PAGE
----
India Insight

Delhi shaped South Asia’s Muslim identity, Pakistani author says

Raza Rumi is based in Lahore, but the public policy specialist and Friday Times editor’s new book is based in another milieu entirely. “Delhi by heart” is a kind of travelogue about a city that is the source of a shared heritage that spans hundreds of years.

By his own admission, it is a “heartfelt account” of how a Pakistani comes to India, an “enemy country”, and discovers that its capital has, in fact, so many things common with Lahore.

“I wanted to write the biography of Darah Shikoh, the great Indian Mughal prince,” Rumi said. “While researching for that, and while visiting Delhi all the time, I felt really it merits a Pakistani version as well because for these five years we have been so much cut off and we have misunderstood each other so much that it is time to sort of build bridges. Hence the book.”

Just two days after the book came out in July, there was fighting on the India-Pakistan border in Kashmir that resulted in the deaths of five Indian soldiers. Relations between the neighbours have since been strained, and there have been reports of cultural and religious exchanges being cancelled.

This backdrop and the past 66 years of separation, mistrust and aggression have forced Pakistan into recasting its history and its heritage in ways that create a blind spot where India used to be, Rumi noted.

Bestselling author Amish Tripathi says writing career was thrust upon him

It’s hard to believe Amish Tripathi when he says he never set out to be a writer. The banker-turned-author of the popular Shiva trilogy recently won a million-dollar advance for a new series – and he hasn’t even finalized the topic yet.

Before his books took pride of place in shop windows, Tripathi was already living what some would call a charmed life. A management degree at one of India’s top business schools had led to a successful career in private and retail banking. But it was his admiration for Shiva, the Hindu god of destruction, that catapulted him to literary stardom in India.

When “The Immortals of Meluha” and “The Secret of the Nagas” topped bestseller lists, the 38-year-old quit his job to become a full-time writer. “The Oath of the Vayuputras,” the third book in the mythological fantasy series, was launched in March.

Does Indian literature owe its global success to the Raj?

As close to 50,000 people prepare to celebrate India’s bulging roster of nationally and internationally renowned authors and poets at the seventh annual Jaipur Literary Festival, a public spat between its British organiser and an Indian magazine over allegations of perpetuating “a Raj that still lingers” threatens to ignite a decades-old debate over the role of colonial English in the country’s literary success.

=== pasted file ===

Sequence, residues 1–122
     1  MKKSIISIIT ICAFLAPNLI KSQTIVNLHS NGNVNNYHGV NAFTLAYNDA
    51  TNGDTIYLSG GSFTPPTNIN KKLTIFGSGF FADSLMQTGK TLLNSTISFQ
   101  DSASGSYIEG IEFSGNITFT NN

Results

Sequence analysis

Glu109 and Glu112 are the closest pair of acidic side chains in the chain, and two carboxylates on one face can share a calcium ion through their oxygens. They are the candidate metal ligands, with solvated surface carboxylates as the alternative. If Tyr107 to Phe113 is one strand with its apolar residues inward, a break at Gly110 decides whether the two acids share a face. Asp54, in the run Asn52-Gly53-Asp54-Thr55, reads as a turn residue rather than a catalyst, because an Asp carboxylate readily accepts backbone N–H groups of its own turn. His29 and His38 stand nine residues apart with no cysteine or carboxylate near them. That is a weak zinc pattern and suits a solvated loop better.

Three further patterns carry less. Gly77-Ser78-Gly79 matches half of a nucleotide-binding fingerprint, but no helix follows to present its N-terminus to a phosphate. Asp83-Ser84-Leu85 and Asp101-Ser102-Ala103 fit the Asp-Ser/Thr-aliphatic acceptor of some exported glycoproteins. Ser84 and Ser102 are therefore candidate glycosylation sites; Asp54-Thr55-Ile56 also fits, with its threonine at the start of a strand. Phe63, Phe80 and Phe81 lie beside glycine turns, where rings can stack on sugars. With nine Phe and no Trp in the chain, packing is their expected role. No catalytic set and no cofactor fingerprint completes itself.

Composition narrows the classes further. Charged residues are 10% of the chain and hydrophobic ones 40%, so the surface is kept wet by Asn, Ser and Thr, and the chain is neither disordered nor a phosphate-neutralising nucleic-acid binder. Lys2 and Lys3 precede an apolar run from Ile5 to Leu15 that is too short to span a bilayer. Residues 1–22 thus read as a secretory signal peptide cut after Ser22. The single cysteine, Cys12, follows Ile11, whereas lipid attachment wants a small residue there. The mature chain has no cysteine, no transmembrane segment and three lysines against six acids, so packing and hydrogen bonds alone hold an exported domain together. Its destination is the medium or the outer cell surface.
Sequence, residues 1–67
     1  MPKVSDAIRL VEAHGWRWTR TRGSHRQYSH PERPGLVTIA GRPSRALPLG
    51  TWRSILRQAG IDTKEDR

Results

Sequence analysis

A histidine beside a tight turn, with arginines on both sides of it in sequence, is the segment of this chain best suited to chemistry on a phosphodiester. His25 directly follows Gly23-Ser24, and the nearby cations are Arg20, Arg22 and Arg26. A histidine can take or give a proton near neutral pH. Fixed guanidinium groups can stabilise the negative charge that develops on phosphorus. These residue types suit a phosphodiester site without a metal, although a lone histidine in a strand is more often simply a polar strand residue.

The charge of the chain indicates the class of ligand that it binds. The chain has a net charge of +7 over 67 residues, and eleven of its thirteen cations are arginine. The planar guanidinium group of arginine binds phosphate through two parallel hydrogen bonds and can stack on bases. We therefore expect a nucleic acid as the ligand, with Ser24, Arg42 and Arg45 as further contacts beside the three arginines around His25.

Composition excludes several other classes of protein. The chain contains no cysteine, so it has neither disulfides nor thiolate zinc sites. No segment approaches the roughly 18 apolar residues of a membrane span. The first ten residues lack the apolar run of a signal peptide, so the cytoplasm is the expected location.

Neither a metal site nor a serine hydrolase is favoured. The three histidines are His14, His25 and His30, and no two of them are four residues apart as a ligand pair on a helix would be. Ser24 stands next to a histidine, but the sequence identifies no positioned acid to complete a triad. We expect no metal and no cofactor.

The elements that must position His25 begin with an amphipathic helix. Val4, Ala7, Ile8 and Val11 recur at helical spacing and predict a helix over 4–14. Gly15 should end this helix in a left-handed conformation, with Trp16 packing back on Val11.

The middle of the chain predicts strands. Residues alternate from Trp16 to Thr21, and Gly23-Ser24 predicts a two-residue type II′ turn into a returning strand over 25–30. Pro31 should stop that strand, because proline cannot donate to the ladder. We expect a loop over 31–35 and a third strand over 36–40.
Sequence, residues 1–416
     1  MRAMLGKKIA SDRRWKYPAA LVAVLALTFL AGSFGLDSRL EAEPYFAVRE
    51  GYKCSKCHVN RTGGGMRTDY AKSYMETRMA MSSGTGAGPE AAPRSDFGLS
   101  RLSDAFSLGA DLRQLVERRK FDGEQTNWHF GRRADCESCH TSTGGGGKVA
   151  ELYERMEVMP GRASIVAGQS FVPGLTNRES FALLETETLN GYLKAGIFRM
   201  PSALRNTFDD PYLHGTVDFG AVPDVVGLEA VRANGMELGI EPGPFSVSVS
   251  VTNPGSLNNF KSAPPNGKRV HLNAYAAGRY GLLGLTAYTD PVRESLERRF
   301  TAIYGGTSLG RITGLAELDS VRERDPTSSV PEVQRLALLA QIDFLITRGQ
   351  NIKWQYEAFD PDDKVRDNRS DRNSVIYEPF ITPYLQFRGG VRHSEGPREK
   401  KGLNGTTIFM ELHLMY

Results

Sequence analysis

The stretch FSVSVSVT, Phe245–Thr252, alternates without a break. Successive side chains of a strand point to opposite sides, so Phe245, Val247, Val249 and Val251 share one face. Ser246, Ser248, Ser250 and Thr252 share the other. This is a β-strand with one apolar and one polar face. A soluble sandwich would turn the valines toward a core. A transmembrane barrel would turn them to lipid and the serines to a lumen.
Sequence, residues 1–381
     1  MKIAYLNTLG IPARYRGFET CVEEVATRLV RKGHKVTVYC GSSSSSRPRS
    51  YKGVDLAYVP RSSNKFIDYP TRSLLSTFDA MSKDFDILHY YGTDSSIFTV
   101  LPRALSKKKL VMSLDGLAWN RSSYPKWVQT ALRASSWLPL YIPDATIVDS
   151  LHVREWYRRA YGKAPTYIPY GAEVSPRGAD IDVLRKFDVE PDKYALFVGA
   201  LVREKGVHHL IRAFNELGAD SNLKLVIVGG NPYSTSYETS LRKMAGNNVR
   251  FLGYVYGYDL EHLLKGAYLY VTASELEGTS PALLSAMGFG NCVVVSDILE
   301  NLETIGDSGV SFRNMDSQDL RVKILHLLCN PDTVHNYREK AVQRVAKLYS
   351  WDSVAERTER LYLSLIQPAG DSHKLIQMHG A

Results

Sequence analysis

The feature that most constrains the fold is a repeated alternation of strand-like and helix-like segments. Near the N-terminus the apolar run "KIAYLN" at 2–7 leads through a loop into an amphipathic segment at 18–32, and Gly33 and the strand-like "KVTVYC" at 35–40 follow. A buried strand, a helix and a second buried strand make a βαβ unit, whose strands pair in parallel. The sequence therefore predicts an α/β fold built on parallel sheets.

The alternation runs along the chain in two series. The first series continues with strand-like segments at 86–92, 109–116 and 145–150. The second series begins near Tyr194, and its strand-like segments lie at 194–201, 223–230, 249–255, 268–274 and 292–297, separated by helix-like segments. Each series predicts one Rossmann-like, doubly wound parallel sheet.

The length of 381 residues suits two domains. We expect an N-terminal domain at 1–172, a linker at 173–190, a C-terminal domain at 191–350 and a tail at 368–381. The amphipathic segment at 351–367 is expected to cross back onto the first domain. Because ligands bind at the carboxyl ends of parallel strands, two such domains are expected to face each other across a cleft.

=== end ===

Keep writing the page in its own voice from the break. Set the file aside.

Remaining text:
Bollywood icon Amitabh Bachchan (R) talks with Neville Tuli, founder and chairman of Osian's - Connoisseurs of Art Pvt Ltd, at the annual Jaipur literary festival, one of India's biggest, January 23, 2009. REUTERS/Abhishek Madhukar (INDIA)

As Delhi-based William Dalrymple and his fellow organiser stress the festival’s intent to showcase works from India’s array of states and dialects to thousands of book lovers, an article in India’s Open magazine this month claimed the festival matters “because of the writers from Britain it attracts”.

India’s literary elite has long wrestled with its complicated post-colonial legacy, sharpened by the huge international success of Indian writers such as Salman Rushdie, Vikram Seth and Kiran Desai, who have put the former British colony on the literary map, but live, sell more books and win more awards in the UK or the U.S.

Are there too many sacred topics in India?

Protests and television debates on the apex court’s decision to OK  the publication of a book on Maratha ruler Shivaji, banned in 2004 by the Maharashtra government, has put India back in the spotlight on the question of freedom of expression.

India is secular and a democracy but a country with a billon-plus population — consisting of hundreds of tribes, clans and castes following myriad beliefs — can be pretty fickle when it comes to defining ‘sensitive’ topics and easily susceptible to parochial politics.

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The list of subjects considered “sacred” in the country include the extended Gandhi family, Ambedkar, Periyar, Subhash Chandra Bose, Rabindranath Tagore, Veer Savarkar and maybe a few thousand more people, said an editorial in the ‘Mint’ daily.

from FaithWorld:

Ex-nun urges Indian Catholic Church reform in tell-all book

amenA Roman Catholic nun who left her convent in India after 33 years of service has penned an unflattering picture of life within the cloistered walls in a book that may further embarrass the Church.

In "Amen: The Autobiography of a Nun", published in India in English this month, Sister Jesme tells of sexual relations between some priests and nuns, homosexuality in the convent and discrimination and corruption in Catholic institutions...

"Amen" grabbed media headlines in February, when it was first published in Malayalam -- the regional language of Kerala. With the new English edition and offers of a film based on the book, Sister Jesme's plea for a reformation of the Church is now set to reach a wider audience.

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